I received a comment yesterday that really resonated with me. Before I tell you what it was, I want to talk about why it meant a lot to me.
I look around me, and every day I see people being absolutely amazing at their thing. Their job, or hobby, or passion – I just see people crushing it, and I love it. I always make sure to say so any time I can. I like telling people that I was impressed by their accomplishments.
Likewise, I enjoy a good compliment on my own successes. I’ll be the first to admit that I don’t always take them well; I find myself defaulting to comments about how it could have been better or how I’ll improve the next iteration. I always make sure to express sincere gratitude, though – such comments really do mean a lot.
This comment I received, however, was very different. It made me realize that there’s a kind of compliment worth giving that I don’t give enough.
The comment I received was (paraphrased slightly): “I see how hard you’re working on this particular flaw you have, and I respect and support you for it.”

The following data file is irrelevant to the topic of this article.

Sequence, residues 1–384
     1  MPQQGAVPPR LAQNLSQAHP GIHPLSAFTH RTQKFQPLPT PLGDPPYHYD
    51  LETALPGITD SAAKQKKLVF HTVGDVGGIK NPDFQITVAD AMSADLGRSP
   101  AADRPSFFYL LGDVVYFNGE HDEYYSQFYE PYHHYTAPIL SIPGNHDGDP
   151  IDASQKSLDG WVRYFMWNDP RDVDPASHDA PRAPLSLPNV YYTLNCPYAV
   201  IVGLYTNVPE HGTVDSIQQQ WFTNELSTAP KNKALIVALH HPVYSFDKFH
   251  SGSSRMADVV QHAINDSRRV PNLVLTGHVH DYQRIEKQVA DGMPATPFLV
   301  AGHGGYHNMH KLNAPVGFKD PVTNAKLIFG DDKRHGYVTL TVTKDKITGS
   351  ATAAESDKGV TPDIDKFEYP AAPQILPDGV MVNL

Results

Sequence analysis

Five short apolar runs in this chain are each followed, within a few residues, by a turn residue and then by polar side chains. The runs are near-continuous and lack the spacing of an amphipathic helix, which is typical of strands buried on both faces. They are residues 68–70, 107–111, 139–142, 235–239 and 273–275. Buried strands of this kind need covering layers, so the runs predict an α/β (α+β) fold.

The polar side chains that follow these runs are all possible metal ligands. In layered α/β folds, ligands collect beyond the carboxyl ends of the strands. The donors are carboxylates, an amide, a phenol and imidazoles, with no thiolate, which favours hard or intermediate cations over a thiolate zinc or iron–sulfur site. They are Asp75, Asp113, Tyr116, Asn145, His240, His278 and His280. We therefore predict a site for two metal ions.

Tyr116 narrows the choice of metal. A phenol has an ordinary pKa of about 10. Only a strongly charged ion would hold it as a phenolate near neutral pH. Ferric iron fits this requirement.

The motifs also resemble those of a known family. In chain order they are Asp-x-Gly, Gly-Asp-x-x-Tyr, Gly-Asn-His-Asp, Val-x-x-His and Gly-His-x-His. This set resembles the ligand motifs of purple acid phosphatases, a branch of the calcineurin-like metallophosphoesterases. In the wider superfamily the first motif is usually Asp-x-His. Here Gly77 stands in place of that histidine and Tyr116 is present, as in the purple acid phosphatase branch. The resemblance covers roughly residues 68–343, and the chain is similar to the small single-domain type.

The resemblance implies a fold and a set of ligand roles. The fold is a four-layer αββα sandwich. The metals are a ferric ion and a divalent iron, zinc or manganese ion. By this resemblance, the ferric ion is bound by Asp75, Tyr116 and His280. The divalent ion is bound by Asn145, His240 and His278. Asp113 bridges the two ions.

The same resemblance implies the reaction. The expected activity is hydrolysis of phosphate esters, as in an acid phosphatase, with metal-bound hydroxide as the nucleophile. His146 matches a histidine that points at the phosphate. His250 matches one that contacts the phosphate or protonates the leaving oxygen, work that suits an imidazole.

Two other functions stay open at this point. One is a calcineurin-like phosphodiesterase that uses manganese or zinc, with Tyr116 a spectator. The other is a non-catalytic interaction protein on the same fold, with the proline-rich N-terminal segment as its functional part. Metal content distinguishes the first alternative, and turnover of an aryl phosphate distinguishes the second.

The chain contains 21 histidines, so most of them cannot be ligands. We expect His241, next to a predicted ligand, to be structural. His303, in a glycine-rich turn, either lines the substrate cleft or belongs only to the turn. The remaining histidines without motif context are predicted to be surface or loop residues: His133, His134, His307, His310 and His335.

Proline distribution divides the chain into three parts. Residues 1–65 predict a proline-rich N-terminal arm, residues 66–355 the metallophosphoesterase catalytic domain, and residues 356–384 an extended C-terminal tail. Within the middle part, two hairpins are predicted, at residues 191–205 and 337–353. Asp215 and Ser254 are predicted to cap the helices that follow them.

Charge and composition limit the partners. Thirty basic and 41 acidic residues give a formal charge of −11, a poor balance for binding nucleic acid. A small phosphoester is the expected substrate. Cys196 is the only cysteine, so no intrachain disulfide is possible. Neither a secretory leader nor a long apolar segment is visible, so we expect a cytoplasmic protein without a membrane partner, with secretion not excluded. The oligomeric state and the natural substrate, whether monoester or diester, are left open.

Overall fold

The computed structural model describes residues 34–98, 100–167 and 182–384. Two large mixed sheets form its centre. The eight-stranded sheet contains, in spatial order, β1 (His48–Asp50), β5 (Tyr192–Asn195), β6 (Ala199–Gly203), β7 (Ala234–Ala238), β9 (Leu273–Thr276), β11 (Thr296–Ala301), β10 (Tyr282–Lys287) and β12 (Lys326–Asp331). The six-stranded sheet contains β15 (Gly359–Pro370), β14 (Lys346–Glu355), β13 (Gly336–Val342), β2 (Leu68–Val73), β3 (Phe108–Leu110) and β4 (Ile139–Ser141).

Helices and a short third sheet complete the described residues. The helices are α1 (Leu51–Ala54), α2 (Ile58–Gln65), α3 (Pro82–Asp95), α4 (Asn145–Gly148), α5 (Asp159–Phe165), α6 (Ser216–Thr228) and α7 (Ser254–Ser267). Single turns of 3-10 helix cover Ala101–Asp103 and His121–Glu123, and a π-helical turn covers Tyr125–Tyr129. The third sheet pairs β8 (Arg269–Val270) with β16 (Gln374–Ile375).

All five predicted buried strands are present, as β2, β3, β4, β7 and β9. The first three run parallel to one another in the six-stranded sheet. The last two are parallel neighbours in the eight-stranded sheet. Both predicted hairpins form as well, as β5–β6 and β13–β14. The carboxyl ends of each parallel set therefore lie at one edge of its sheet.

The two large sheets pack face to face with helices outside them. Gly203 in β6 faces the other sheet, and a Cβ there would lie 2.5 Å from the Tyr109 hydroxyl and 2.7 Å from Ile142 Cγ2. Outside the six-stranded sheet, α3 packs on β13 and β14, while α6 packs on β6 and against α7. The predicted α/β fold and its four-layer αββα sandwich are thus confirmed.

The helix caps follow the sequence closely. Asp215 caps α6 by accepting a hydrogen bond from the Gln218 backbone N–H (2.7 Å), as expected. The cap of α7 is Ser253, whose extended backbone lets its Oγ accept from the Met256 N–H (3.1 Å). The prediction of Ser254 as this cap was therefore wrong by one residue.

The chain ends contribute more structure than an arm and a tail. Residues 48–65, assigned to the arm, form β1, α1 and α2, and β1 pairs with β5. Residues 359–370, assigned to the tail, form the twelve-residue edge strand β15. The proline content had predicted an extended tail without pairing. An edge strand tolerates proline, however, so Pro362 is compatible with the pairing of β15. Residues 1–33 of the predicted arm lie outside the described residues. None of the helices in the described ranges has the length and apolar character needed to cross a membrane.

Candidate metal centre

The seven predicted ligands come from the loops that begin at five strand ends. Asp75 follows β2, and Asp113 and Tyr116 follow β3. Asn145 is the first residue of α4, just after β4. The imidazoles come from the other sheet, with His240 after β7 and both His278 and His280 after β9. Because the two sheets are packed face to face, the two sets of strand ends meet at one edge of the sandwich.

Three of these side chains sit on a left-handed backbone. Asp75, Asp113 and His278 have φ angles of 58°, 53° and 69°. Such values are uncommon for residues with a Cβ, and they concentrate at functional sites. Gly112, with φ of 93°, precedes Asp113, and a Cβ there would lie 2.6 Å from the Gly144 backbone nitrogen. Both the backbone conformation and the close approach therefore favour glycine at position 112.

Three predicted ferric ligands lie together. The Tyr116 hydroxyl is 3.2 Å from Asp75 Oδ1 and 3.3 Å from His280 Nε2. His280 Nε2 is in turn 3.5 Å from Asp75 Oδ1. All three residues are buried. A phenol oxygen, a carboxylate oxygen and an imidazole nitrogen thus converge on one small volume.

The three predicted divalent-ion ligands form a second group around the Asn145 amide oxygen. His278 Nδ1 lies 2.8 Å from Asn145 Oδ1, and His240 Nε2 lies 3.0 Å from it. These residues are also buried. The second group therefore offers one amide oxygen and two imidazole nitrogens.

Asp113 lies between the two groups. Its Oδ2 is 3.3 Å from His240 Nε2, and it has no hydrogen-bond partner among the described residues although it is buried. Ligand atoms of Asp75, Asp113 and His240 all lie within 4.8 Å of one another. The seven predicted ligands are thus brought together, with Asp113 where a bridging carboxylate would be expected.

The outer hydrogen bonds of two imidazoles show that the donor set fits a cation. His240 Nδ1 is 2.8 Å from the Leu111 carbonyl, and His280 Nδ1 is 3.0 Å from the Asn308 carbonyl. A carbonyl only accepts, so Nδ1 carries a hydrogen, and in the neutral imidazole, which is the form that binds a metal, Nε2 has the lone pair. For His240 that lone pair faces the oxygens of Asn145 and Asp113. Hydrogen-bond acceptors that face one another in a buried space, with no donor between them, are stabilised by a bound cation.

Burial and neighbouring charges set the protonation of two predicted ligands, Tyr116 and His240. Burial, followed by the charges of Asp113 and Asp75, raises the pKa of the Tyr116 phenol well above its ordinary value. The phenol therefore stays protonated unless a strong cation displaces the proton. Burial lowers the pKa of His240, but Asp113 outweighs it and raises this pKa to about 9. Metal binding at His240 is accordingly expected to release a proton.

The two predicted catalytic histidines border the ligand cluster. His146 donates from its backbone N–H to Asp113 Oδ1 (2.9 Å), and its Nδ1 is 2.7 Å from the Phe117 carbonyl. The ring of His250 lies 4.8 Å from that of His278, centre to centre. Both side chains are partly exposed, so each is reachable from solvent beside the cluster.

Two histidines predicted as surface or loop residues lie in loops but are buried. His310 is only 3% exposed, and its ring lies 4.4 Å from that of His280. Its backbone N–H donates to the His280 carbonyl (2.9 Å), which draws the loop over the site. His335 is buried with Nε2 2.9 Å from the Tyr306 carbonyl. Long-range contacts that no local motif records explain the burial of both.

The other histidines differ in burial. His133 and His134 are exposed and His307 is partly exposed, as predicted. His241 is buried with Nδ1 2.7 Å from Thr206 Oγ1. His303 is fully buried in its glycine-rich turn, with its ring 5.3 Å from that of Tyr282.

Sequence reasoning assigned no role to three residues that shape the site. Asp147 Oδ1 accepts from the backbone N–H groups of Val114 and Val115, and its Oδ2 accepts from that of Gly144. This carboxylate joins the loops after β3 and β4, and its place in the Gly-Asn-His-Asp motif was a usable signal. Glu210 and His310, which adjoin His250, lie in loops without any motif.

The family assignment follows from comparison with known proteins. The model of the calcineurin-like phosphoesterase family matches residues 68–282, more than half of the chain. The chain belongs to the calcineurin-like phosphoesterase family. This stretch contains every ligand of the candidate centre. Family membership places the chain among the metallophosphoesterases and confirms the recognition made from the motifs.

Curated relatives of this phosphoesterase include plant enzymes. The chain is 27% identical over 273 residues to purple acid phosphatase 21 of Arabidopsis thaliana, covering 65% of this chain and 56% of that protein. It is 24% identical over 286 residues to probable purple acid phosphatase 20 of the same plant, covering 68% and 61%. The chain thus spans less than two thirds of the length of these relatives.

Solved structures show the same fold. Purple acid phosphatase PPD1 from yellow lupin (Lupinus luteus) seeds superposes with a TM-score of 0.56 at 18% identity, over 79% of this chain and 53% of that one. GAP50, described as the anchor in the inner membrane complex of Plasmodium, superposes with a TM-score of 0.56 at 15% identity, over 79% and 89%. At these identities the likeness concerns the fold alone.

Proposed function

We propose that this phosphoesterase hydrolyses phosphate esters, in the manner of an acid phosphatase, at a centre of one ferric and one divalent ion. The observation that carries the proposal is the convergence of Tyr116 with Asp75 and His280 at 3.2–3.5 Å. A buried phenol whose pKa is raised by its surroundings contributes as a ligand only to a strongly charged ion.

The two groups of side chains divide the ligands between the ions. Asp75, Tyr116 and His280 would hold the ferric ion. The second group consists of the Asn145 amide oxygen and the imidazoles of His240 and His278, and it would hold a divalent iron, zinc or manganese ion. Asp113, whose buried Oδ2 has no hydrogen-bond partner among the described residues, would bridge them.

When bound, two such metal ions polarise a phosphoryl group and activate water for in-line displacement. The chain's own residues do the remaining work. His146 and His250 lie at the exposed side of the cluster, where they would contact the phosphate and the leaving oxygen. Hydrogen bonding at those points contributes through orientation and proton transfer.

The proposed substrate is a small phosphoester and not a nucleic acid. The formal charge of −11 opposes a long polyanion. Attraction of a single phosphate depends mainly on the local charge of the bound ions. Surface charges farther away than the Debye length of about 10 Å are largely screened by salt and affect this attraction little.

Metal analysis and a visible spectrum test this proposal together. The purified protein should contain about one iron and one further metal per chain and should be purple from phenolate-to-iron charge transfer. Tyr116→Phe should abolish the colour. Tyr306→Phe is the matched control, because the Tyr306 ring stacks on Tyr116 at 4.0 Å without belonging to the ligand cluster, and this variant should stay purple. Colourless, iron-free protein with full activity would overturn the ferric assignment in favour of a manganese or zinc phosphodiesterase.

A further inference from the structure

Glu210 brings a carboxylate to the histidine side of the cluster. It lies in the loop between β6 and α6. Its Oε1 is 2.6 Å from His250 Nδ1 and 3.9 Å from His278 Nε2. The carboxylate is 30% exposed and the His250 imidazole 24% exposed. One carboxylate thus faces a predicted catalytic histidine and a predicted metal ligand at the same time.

I hadn’t accomplished anything; hadn’t reached any milestone or success. I was struggling. But this person took the time to tell me that my struggle was appreciated and the work I was doing, even before reaching my goal, was worthwhile.
I don’t do that enough; I think most people don’t, in fact. We compliment the visible success, and not the (often) invisible work to get there. The comment wasn’t just encouragement – she didn’t say “I know you’ll get there if you keep at it!” Encouragement is valuable too, but she went beyond that and actually told me that the struggle itself, right now, had merit.
That’s extremely important. Some things you never fully “succeed” at. You just keep pushing, keep improving, keep struggling. It’s easy to get discouraged, and to think you’re doing nothing but treading water and that you’re stuck with your flaws forever.
Taking a moment to tell someone that you see them improving can mean the world, then. I’ll endeavor to do it more, and I appreciate so, so much that it was said to me.